Religion

As church changes, Miss Sugar is a constant

Gertrude Wiley, who will be 100 in April, sits in the sanctuary of St. Paul Missionary Baptist Church on Feb. 29.
Gertrude Wiley, who will be 100 in April, sits in the sanctuary of St. Paul Missionary Baptist Church on Feb. 29.

McCONNELLS -- When St. Paul's Missionary Baptist Church parishioners think about faithfulness, they think of Miss Sugar, the little woman peering down at them from the choir loft, wearing a wide smile and an even wider hat.

On Sunday, members of the little country church outside McConnells will celebrate its 124th anniversary.

When they do, they'll also honor Gertrude Wiley, whom they've known so long as Miss Sugar that no one knows how she got the name. They guess it's because of her sweet spirit.

Miss Sugar will turn 100 on April 22. She's spent more Sundays in the pews of the church than any other person.

They were simple board pews when she sat as an infant in the original building, built in 1885. Miss Sugar's father, Gully Kirkpatrick, was one of the founding members. That old building is still there but has since been renovated and expanded and is used as a fellowship hall.

Services were held only once a month when Miss Sugar was a child, but they would last for hours.

Every summer, the church would host a week of revival services. The members carried their food in shoe boxes to share at the church and spent the day listening to music and sermons, Miss Sugar said.

Revivals aren't like that anymore.

"No, Lord, they sure ain't," she attests.

As a girl, Miss Sugar went to St. Paul's Church School behind the church.

Children from the community began attending classes when they turned 7, and classes were held for grades one through four.

Miss Sugar remembers gathering wood to burn in the school's stove. The students cooked long, skinny sweet potatoes in the ashes, and everybody would ask for part of hers. With potatoes not much thicker than a quarter, there wasn't much to divide.

Because most students had to help with the cotton, school was in session only in July, August, December, January and February.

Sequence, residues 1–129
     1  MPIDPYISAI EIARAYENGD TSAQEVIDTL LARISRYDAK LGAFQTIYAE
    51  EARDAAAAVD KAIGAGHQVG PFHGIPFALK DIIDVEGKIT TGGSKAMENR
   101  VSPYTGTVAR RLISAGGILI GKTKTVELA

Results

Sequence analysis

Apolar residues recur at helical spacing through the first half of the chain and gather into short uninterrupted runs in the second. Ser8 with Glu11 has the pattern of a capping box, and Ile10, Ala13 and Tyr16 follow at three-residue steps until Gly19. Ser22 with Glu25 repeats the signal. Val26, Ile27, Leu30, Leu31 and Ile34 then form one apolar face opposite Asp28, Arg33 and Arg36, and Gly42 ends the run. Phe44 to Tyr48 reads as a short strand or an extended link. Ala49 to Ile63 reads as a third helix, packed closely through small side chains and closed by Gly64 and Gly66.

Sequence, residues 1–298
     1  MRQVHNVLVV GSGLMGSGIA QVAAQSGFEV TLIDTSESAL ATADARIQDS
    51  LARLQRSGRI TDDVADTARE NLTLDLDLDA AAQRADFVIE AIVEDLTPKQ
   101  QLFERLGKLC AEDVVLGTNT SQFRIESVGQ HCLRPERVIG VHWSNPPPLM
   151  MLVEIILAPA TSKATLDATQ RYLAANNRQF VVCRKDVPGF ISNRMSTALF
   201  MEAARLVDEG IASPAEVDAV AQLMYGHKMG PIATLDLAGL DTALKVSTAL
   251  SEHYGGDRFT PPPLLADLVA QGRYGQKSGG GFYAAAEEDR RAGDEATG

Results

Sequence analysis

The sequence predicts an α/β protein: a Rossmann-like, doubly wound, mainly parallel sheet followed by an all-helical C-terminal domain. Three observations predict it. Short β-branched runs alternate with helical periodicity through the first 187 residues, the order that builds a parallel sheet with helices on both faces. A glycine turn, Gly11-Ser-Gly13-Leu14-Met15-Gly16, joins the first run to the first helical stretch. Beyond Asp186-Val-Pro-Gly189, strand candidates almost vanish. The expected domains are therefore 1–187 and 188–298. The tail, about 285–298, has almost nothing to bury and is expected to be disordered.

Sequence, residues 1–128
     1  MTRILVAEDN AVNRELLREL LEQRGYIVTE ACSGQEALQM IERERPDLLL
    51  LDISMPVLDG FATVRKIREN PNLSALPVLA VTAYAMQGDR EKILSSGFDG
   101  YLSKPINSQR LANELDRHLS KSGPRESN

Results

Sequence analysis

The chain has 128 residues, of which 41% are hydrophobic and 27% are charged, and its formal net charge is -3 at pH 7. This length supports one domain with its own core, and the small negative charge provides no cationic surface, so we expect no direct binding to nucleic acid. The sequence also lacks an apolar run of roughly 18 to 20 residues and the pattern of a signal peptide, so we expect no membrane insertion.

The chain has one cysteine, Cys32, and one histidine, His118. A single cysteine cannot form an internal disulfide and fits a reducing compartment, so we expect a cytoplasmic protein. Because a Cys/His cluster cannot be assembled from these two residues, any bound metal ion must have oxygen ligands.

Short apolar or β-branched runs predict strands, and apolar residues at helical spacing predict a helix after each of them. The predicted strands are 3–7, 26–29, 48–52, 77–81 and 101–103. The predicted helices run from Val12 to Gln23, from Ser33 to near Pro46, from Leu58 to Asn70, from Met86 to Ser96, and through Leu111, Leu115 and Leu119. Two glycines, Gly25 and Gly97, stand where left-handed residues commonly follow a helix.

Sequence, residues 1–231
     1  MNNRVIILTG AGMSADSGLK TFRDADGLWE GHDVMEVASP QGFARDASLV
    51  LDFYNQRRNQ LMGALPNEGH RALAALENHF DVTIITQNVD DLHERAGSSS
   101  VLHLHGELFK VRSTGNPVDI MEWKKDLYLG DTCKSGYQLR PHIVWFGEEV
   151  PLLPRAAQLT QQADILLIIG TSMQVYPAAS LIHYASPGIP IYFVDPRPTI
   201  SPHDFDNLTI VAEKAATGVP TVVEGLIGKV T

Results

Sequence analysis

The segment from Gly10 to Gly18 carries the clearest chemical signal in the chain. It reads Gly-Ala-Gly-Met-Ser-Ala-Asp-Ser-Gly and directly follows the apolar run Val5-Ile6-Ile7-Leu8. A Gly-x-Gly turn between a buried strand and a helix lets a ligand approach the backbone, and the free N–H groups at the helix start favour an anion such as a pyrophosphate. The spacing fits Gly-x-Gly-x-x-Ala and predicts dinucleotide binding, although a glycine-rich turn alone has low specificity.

Miss Sugar had wanted to go to high school and even had her clothes laid out ready to attend, but her mother took sick shortly before, and she ended up taking care of her younger siblings instead.

"I was the boss," she said.

She was just 12.

Faithful attendance

Miss Sugar later married Wardell Wiley of Chester. He attended a different church, but even marriage ties weren't strong enough to break her bond with St. Paul's. Every Sunday, she would have him drop her off before he went to his church, and he would pick her up on his way back.

They did that for years until the church started sending a van around to pick up people who couldn't drive themselves to church.

At her age, Miss Sugar's energy level isn't always the highest, said her great-niece, Najah Sabree. But every Sunday, she'll be dressed and ready to wait for the van.

"She's faithful in all her doings," said Luveria Curry, church clerk. "I'm 55, and sometimes I struggle to get here. She's here every Sunday."

Each week, she wears one of the hundreds of hats she owns. She's been wearing hats to church as long as she can remember and is always looking for a new one to wear.

"If she sees one she likes and you've got it on, she's going to get that hat," Curry said. "We're crazy enough to give it to her."

Miss Sugar says all she has to do is ask.

It's practically a foolproof strategy.

"I'll put it on whether it'll fit or not," Miss Sugar said.

"Nobody can wear a hat like Miss Sugar," Curry affirms.

A church family

Miss Sugar never had any biological children, but throughout her life, she's found many to treat as her own.

The first was her nephew William, whom she carried to the cotton fields in a sack on her back.

More recently, she's come to consider Bobby Featherstone, St. Paul's pastor, her son.

"I asked your mother for you," Miss Sugar told him when he came. "You're my boy."

Featherstone was 27 then. Over the last 21 years, Miss Sugar has continued to treat him like a son, listening carefully to all his sermons and traveling with him whenever he goes away to preach.

"Whether I preach in North Carolina, Virginia or wherever, she tries to be there," Featherstone said.

Nobody is allowed to say anything bad about him in her presence.

"Hush up. Go on outdoors," she'll say as soon as anyone starts to say something negative about him.

Changes through the years

Church services at St. Paul's are now held in a new building with brick walls and padded pews. The music and the services are both more contemporary, and the handful of founding members has grown into a true congregation with about 300 people there each Sunday.

Although Miss Sugar would prefer old hymns to modern music, she has participated in and helped pay for the changes.

"I scraped my pocketbook trying to get something to help pay for this church," she said.

While she loves the new building, that doesn't mean she didn't like the old building.

"I could go to it right now, sit there and listen," she said.

But as she's grown older, she has tried to keep up with the change, she said.

"I'm keeping up with the style," she said.

Amid the change, her hats and her presence have been constants.

"She's not a person who changes," Featherstone said. "What you see today is her."

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